Why You Should Be Wary of Small-Cap Stocks

Small caps are ripe for a sell-off. Tread carefully, especially in biotech companies.

The Charging Bull in New York
By Steven Goldberg

Stocks of small companies have defied gravity for years now. From the bottom of the bear market on March 9, 2009, through Feb. 14, the Russell 2000 index of small-capitalization stocks has returned an annualized 29.5 percent, trouncing the large-company-oriented Standard & Poor's 500 stock index by an average of 4.4 percentage points per year.

What's more, the Russell 2000 (^RUT) has beaten the S&P 500 (^GPSC) every year since 1999, except for 2005, 2007 and 2011. Over that stretch it has returned an annualized 8.2 percent, compared with 4.7 percent for the S&P. That's the longest run of market-beating returns for small caps ever -- far eclipsing the old record set from 1973 to 1983.

But that huge outperformance has made small caps "extremely overvalued" in the view of Steven DeSanctis, small-cap strategist at Bank of America Merrill Lynch (BAC). "This is the upper bound of absolute valuation," he says. (Biotech looks even more problematic; more on that in a minute.)

Small caps are about as expensive as they've ever been. Their price-earnings ratio -- based on operating earnings over the past 12 months -- is 23 percent greater than the P/E of the 300 largest U.S. companies, reports the Leuthold Group, a Minneapolis-based investment research firm. That premium is the second-highest since Leuthold began tracking the measure in 1983. (It was slightly higher in 2011).

Just look at the numbers. The 300 largest companies trade at a bit less than 16 times estimated 2014 earnings. In contrast, small caps -- which Leuthold defines as stocks with a market value (share price times number of shares outstanding) of less than $3.3 billion -- trade at an average price-earnings ratio of just under 20.

What could spark a sell-off? DeSanctis voices several concerns aside from valuation. First, the small-cap earnings reports in the fourth quarter were "sloppy," he says.
Year-over-year earnings growth has been a robust 12 percent, but more companies than usual have reported earnings below analysts' estimates.

Second, he thinks the Federal Reserve's tapering of its bond purchases will lead to greater volatility in the stock market. "The pickup in volatility is bad for small caps," he says.

Third, DeSanctis says, analysts are wildly over-optimistic about earnings for the coming 12 months. On average, analysts predict that small-cap earnings will rise 20 percent, he says, but those forecasts are "very unrealistic." He estimates 12 percent earnings growth. When companies report disappointing earnings, the market almost always punishes their stocks.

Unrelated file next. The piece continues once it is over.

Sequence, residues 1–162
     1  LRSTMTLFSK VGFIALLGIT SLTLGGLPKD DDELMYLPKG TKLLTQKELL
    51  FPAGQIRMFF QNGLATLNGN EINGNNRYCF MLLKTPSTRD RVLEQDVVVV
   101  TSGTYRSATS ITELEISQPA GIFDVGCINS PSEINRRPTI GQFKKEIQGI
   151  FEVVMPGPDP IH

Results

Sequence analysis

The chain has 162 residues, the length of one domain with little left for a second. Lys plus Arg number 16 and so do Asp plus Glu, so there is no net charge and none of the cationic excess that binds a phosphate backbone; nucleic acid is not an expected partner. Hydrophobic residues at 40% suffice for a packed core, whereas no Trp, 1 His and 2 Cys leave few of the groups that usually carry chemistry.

Fourth, bargains in small-cap land are scant, DeSanctis says. "Every stone has been overturned." Only 10 percent of the stocks in the Russell 2000 sell for less than 10 times estimated earnings.

Companies in the Russell without earnings -- which represented 12 percent of the index's market value -- led the index last year, an event DeSanctis calls "awfully strange." Anytime speculative stocks lead the market, you should be concerned. Just a bit more than one-third of the firms with no profits were in health care, mainly biotechnology.

Small-cap biotech stocks have soared 72 percent from the start of 2013 through Feb. 17. Many, if not most, of these companies expect to remain unprofitable for years to come, are looking for more financing and have just one or two compounds in the early stages of testing. Most such compounds never even get close to being approved for sale. and if they do get regulatory approval, the process can take years.

These biotech stocks trade at an average of 27 times revenues -- that's revenues, not earnings. That's about 50 percent more than average. The only time they were more richly priced was just before the popping of the tech bubble in 2000.

The biotech industry may be approaching a turning point in drug development, and biotech companies are targeting major diseases, including cancer, dementia and heart disease. But as we learned during the tech meltdown, even if you invest in a company that is changing the world, you stand a good chance of losing money if you pay an insanely high price for its stock.

Steve Goldberg is an investment adviser in the Washington, D.C., area.

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